Earth science consultancy goes green

Consultancies in the environmental or earth science fields provide services that are often used to minimise the impact on the environment for new developments. But how much consideration is given to the fact that these companies activities have an ecological footprint themselves?

New City Forum helps buildings save energy

Energy efficiency has become increasingly important to property owners because of rising electricity tariffs and the medium-term shortage of South Africa’s electricity supply. The economic recession, forthcoming legislation and the need to reduce our carbon emissions all add up to the need for a concerted effort to find solutions to improve energy efficiency – particularly large energy users.

2010: International Year of Biodiversity

pic: Bruce Sutherland

The UN has declared 2010 the International Year of Biodiversity (IYB), and South Africa, with its wealth of natural treasures, is set to mark the event along with the rest of the world.


The year-long celebration of the variety of life on earth is driven by the Secretariat of the Convention on Biological Diversity (CBD), under the slogan Biodiversity is life, Biodiversity is our life.


Citizens, scientists collaborate on climate change bird booklet

Our environment is changing fast as a result of changes in the global climate and also because of land-transforming human activities. Our ability to weather these changes depends on our capacity to detect the first signs of them.

Massive Wind Farm planned for Western Cape

A 150-turbine wind farm capable of generating 300MW of electricity is planned for near Caledon.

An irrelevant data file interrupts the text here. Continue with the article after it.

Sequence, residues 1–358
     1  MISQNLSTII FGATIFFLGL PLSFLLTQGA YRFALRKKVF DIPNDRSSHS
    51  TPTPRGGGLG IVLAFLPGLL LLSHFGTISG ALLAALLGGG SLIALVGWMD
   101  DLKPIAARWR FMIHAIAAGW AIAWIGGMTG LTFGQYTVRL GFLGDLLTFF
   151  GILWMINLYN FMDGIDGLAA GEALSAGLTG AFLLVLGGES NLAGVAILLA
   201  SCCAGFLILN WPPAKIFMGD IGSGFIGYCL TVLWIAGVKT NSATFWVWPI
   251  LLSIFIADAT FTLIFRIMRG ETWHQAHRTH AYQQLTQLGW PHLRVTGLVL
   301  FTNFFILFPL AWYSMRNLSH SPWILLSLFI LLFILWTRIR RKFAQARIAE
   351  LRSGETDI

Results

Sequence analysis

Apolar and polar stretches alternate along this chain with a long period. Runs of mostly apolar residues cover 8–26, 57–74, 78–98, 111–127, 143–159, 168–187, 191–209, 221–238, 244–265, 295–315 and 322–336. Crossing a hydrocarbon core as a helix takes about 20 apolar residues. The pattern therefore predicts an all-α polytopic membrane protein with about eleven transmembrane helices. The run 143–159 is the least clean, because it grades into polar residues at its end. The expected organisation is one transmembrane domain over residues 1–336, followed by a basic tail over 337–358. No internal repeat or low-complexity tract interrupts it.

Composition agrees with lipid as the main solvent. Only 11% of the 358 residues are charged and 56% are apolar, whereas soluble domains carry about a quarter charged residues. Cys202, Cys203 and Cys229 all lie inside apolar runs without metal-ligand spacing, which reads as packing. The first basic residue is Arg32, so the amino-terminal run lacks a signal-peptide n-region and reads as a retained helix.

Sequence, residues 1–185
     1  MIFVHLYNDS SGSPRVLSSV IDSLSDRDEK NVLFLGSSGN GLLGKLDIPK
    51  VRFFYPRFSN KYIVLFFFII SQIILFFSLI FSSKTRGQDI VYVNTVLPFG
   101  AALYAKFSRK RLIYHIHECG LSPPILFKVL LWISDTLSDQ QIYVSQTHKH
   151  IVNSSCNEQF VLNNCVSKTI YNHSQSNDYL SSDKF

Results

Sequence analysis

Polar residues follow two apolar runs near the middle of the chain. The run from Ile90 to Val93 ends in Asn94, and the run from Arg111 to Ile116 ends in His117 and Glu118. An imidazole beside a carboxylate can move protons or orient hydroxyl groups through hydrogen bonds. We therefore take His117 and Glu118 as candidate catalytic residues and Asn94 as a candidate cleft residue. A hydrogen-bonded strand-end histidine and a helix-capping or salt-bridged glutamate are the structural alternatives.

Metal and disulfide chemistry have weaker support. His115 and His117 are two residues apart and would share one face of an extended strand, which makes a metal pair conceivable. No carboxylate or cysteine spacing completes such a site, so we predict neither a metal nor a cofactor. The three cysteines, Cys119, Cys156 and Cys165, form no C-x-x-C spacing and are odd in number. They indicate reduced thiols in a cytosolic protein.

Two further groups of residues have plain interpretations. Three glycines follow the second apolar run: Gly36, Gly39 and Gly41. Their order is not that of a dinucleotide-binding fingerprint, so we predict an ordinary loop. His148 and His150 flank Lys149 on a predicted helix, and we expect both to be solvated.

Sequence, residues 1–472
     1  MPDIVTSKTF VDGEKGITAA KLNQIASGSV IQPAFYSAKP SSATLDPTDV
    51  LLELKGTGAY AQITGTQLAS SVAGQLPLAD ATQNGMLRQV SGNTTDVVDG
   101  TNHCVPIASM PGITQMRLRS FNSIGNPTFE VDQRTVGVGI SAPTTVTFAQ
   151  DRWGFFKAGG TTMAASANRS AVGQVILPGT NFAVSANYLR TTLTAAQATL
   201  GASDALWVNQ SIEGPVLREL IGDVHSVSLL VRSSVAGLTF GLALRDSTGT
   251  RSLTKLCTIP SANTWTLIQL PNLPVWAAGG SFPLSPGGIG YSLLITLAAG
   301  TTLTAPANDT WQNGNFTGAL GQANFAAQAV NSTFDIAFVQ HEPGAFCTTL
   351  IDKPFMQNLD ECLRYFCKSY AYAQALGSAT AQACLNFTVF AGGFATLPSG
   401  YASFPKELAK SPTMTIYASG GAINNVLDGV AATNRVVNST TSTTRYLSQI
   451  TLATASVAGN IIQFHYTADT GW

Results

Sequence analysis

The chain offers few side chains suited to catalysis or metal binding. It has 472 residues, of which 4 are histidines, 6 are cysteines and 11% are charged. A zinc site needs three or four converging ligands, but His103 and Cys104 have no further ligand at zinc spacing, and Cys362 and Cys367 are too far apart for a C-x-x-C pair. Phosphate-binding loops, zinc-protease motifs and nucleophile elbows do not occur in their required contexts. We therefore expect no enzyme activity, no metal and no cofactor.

The Caledon Wind Farm would span 15 farms covering an area of 3500 hectares within the Theewaterskloof Muncipality approximately 16km west of Caledon and 7km east of Botrivier.

Each turbine will be able to generate between 2 and 3.6 MW, stand 80 metres tall to the hub and have a 40m blade. Additional infrastructure required will include powerlines, access roads and a new electricity substation.

Here's to a Greener 2010

It's already a week into 2010 and about time to check in on those New Years resolutions...

The tradition to make resolutions at the start of the year goes back a long way - all the way to the time of the Babylonians around 2000 BC when festivals were held at the time of the spring and autumn equinoxes. Back then spring heralded the beginning of a new year as it was the time to begin the annual cycle of sowing crops once again. The beginning of the Babylonian New Year was also marked by paying off debts and returning borrowed goods.

Top News Stories for 2009

The most popular news story on the Cape Town Green Map website this year was the news of the virtual launch of the online green map itself - no surprises there! But other than the online launch on World Environment Day and the launch of the print map at the end of November, this is what made popular headlines on the site in 2009.

What is a biodiversity hotspot, exactly?

© Bruce Sutherland

The City of Cape Town is one of only three cities in the world ranked as an urban biodiversity hotspot. A biodiversity hotspot is a term that was first coined by British ecologist Dr Norman Myers in 1988 in an article in "The Environmentalist" journal. The concept was revised after further analysis by Myers and others in "Hotspots: Earth’s Biologically Richest and Most Endangered Terrestrial Ecoregions" published in 1999.

Dreaming of a Green Christmas...

What happens when you cross an angel with coca-cola or a Christmas tree with recycled plastic? Ever dreamed of hanging tin end tinsel and bottle top mistletoe from your hallways? How about giving tin openers or juice boxes as gifts this year?

Copenhagen climate deal - starting point or sham?

© Chris Riddell 2009

Whilst US President Barack Obama is speaking of a "the beginning of a new era of international action" and China says the UN Climate Change Conference in Copenhagen yielded "positive" results, NGO's and scientists are largely shell-shocked.

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